Haley Bonar

From Wikipedia, the free encyclopedia
Jump to: navigation, search
Haley Bonar
HaleyBonar.jpg
Background information
Born 1983
Brandon, Manitoba, Canada
Origin Rapid City, South Dakota, United States
Genres Folk
Slowcore
Indie rock
Labels Memphis Industries GNDWIRE Records
Associated acts Low, Andrew Bird, Sleepfarmer, Gramma's Boyfriend
Website Official website
Members Jacob Hanson, Jeremy Hanson, Kate Murray, Jeremy Ylvisaker, Eric Pollard, Al Church
Past members Alan Sparhawk, Chris Morrissey, Jim Boquist, Dave King
Notable instruments
Fender Rhodes keyboard
1957 Guild acoustic guitar

Haley Bonar (born 1983, Brandon, Manitoba, Canada)[1] is a Canadian-born American singer-songwriter who was raised in Rapid City, South Dakota.[2] She has lived in Duluth[3] and St. Paul, Minnesota. She currently lives in St. Paul.[4] In 2009, she moved to Portland, Oregon,[5] where she spent a year writing songs for her album Golder,[6] which was released April 19, 2011.[7] She plays acoustic guitar, baritone electric guitar, electric guitar and rhodes or wurlitzer organ, either solo or with her Twin Cities-based band, including Jeremy Ylvisaker, Robert Skoro, and Jacob Hanson.

Life and work[edit]

In 2003 Bonar's album . . . The Size of Planets (Chairkicker's Union) received favorable reviews in the Twin Cities press. The album spawned the single "Am I Allowed," which was played on college radio stations. Bonar was 20 years old when the album was released, and did a number of tours with Duluth band Low upon its release. She also toured with Mason Jennings, Richard Buckner, Rivulets and Mary Lou Lord, who was also, for a time, Bonar's manager.

In 2006 she released the album Lure the Fox, originally on Mary Ellen Recordings, whose owner, Mary Lewis, decided to help Bonar pay to record the album at Pachyderm Studio after reading a Star Tribune article about her in 2005. Dave King of Happy Apple and The Bad Plus plays drums, Chris Morrissey plays bass, and the album features Low's Alan Sparhawk on the track "Give it Up." Also on that track is David Frankenfeld, Bonar's former drummer, who played on The Size of Planets. One year after Lure the Fox was recorded, Bonar signed with local label Afternoon Records, who then released the album nationally in October 2006.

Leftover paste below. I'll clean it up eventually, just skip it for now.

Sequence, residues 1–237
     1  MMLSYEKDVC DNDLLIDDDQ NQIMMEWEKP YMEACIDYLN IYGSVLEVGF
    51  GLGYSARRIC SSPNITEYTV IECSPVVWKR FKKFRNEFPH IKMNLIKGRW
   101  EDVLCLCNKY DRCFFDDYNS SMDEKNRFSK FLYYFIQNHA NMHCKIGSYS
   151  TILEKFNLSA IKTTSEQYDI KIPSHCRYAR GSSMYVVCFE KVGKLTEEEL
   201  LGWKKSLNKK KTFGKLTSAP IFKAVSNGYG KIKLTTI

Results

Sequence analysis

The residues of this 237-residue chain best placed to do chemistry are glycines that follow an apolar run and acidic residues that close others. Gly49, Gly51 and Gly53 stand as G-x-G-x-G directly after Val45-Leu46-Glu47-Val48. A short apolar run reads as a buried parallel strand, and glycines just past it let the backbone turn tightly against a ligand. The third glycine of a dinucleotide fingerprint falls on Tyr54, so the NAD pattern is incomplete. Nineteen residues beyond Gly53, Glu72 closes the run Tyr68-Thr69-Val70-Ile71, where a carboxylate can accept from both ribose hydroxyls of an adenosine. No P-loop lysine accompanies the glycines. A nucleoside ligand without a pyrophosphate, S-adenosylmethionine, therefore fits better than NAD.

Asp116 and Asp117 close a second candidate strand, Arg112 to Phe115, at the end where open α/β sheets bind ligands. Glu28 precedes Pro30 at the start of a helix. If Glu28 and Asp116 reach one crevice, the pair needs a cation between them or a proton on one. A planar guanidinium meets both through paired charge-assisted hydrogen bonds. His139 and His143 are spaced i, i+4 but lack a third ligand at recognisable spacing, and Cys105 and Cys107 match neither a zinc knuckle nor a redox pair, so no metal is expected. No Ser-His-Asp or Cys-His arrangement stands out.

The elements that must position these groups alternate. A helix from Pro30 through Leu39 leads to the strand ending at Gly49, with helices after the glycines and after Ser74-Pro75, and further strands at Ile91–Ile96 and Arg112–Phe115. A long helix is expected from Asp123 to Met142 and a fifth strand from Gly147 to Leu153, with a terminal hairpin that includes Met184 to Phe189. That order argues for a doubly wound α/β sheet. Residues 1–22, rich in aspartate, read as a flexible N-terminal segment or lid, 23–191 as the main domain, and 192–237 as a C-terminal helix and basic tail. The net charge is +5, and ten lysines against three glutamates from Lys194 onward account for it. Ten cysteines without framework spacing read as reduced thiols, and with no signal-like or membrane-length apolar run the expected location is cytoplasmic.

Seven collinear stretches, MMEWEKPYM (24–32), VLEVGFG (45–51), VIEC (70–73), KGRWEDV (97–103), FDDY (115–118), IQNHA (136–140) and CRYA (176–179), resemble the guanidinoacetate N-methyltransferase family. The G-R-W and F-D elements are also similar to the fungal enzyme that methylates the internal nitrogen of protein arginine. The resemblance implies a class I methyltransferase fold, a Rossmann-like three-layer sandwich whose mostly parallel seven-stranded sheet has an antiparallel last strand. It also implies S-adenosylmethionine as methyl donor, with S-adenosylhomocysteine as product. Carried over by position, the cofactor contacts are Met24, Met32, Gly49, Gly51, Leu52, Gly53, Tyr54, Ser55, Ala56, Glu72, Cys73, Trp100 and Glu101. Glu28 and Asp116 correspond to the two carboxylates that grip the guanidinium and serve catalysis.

Lure the Fox earned Bonar two Minnesota Music Awards, one for Best American Roots recording, and another for Best American Roots artist. The album also topped many Twin Cities year-end favorite lists, including those of the Star Tribune, City Pages, The Onion, and Pulse magazine. Bonar was also featured on the cover of Metro magazine.[8]

Big Star, released in June 2008 on Afternoon Records, gained Bonar a broader audience with songs like "Big Star," "Green Eyed Boy," and "Arms of Harm," which was featured on the credits for an episode of Showtime's The United States of Tara.

Bonar is featured on the 2007 Andrew Bird record Armchair Apocrypha and has frequently shared the stage with Bird over the past five years. She sang on the feature song "Quiet Breathing" from the independent film Sweet Land, directed by fellow Minnesotan Ali Selim. In recent years, she has also collaborated with Actual Wolf and Gary Louris.

In 2009, Bonar's move from St. Paul to Portland, Oregon was noted by City Pages.[9] She returned to the St. Paul in July 2010 and again became very active in the Twin Cities music scene. Upon completion of her album Golder, released in 2011,[10] she also started a side project band called Gramma's Boyfriend, a "no-wave, new wave, punkish kind of thing that sounds like the Twin Peaks High School prom band." Jeremy Ylvisaker (Andrew Bird, Alpha Consumer, Guitar Party), Jacob Hanson (Halloween, Alaska, Guitar Party, Minneapolis Dub Ensemble), Haley Bonar, Luke Anderson (Rogue Valley, Alpha Centauri), and Mike Lewis (Happy Apple, Fat Kid Wednesdays, Andrew Bird, Gayngs) are all members of Gramma's Boyfriend, though the band's website states that "sometimes they all play together, sometimes its whoever shows up."[11] They have released two albums on Graveface Records, 2013's Human Eye[12] and 2015's Perm.[13]